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Brand Identity: Avoiding "Inside Out" Thinking

by Jim Schakenbach

"Inside Out" thinking is a classic marketing communications mistake and the result of an insular mindset that can gradually grow and take over the sales and marketing efforts of virtually any company. Identified early on, it is easiest to root out of young companies. Once established, it becomes like a weed, difficult to eradicate and prone to spreading. Quite simply, it is the prevalent view within a company -- and particularly within management -- that "our company has the best products/service/solution" for a particular marketplace need and that sales should logically follow once the market is made aware of its availability. This attitude is often accompanied by a certain level of scorn and derision for the competition, dismissing their offerings as "not well designed", "over-priced", or simply "inferior." Whether any of these are true is not relevant and misses the point. These assumptions are dangerous.

"Inside Out" thinking is easy to identify because it is usually accompanied by such empty marketing messages as "Industry leader since blankety-blank", "Number one in the industry", and other boastful, self-congratulatory phrases. The length-of-time-in-business phrase is one of my favorites for its sheer uselessness and misguided sense of self-importance. Apparently, companies which use this type of sloganeering are laboring under the delusion that it somehow conveys quality or value to the market. It is particularly favored by company owners and boards of directors because they often believe it speaks to their business acumen. It never occurs to them that length of time in business might cause some potential customers to view them as industry dinosaurs, or as inconsequential has-beens who have somehow managed to dodge the bullet. When was the last time YOU bought something because the company's been around for a hundred years?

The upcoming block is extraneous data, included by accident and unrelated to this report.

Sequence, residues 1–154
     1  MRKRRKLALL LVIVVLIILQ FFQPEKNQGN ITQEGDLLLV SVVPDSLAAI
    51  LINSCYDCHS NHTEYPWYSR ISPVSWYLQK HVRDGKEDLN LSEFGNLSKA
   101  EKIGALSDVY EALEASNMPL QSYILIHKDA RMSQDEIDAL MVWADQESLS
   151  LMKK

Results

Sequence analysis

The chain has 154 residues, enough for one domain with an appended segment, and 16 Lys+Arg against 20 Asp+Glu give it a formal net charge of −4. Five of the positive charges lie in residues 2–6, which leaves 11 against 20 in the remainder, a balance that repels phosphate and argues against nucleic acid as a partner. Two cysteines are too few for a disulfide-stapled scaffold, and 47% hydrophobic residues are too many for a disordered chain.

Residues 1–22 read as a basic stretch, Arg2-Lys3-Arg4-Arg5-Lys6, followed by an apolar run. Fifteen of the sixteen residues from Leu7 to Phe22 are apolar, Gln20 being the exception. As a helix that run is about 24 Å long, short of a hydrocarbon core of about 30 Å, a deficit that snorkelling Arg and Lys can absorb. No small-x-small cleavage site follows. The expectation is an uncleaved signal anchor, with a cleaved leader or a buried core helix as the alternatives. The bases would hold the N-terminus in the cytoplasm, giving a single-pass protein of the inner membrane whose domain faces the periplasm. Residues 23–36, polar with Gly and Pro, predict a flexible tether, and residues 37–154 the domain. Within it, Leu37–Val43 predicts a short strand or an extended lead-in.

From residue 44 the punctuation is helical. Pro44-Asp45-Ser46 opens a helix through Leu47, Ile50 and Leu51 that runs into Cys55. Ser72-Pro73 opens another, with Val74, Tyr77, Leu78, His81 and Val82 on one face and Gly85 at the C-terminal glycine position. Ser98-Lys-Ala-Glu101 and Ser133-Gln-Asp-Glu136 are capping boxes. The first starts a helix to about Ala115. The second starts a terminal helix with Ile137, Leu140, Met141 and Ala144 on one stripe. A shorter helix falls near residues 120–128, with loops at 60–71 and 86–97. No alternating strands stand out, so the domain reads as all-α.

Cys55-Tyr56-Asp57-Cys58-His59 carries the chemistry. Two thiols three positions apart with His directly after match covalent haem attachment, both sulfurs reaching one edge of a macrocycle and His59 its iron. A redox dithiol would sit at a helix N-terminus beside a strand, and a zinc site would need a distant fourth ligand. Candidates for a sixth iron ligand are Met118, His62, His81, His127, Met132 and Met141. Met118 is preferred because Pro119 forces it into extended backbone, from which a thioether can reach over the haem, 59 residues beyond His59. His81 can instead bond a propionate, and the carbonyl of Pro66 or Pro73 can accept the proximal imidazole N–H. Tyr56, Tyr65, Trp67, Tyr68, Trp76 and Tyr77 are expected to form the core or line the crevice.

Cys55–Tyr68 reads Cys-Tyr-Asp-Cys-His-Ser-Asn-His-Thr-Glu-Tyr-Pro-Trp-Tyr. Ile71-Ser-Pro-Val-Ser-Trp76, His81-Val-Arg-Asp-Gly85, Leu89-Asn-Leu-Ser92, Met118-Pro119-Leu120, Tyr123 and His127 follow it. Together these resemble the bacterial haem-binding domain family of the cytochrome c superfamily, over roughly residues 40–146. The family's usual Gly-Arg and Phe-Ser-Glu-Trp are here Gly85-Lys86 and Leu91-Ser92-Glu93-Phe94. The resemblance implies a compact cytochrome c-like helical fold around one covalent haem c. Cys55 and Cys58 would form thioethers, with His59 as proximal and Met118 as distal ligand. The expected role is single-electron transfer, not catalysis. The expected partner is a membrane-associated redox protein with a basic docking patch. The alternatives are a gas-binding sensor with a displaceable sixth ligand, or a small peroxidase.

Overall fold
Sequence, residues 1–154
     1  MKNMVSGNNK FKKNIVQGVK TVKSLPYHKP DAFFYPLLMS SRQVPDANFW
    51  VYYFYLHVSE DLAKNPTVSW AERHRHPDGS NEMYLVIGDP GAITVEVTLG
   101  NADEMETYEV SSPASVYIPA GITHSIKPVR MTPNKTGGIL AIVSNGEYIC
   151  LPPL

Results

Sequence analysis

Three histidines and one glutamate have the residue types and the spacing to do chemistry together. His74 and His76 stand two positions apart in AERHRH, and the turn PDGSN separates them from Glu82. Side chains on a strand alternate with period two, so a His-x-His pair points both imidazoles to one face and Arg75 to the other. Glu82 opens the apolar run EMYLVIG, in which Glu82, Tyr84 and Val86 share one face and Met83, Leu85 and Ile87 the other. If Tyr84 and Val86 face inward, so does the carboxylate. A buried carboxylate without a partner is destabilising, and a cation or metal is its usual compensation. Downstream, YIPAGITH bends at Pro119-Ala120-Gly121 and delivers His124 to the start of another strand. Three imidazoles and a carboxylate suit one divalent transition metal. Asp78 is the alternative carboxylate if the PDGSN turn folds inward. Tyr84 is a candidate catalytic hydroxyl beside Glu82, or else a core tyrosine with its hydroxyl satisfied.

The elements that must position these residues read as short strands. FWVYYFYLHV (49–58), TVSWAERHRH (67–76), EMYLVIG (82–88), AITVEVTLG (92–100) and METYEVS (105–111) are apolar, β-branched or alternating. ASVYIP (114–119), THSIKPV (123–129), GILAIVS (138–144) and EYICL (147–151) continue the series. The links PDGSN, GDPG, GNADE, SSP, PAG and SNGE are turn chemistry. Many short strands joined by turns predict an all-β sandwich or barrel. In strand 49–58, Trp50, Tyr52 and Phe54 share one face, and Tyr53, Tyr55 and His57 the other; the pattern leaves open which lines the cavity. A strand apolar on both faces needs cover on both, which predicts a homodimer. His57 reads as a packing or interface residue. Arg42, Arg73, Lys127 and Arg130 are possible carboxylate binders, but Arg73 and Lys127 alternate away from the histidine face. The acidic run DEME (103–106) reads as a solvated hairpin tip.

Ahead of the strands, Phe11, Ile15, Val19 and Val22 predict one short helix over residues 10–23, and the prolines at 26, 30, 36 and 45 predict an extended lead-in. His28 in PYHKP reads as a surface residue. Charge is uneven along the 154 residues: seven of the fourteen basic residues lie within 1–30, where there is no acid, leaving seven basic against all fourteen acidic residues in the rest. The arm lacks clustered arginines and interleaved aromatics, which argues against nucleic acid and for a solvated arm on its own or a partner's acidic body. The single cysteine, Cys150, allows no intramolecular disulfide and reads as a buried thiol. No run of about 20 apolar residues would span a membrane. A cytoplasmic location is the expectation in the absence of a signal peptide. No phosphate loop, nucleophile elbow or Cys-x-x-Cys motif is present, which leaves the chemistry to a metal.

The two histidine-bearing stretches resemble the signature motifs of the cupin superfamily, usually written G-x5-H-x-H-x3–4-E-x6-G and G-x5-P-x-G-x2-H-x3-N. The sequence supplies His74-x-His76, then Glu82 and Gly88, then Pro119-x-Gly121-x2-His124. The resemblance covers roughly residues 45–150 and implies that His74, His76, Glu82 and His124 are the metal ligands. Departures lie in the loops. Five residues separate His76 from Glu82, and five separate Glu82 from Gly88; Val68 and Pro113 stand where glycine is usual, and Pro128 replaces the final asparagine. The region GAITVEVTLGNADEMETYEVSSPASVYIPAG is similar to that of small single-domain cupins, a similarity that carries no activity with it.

The same holds true for that other classic, overwrought phrase, typically appearing as some form of "Leader in (blank)." These self-appointed industry leaders can rarely back up their claims with objective fact and the result is just another empty form of hype that provides no real value to the customer.

When that rose-tinted view of self-value is coupled with the idea that the competition isn't even worth considering, the results can be, at the most, disastrous and, at the least, time-consuming and wasteful. Instead of thinking from inside the company out, marketers should be more concerned with thinking from the outside in. How DO potential customers really see us? Do we really offer something of value, something that solves a problem for them efficiently and cost-effectively? Why DO they buy from my competitors? How do we position our offerings against the competition's real -- or even perceived -- features and benefits? Once you start looking from the outside in at your company, only then can you determine what the real marketing message, the core of your brand identity, should be for your company and its products or services.

Jim can be reached through our contact page.


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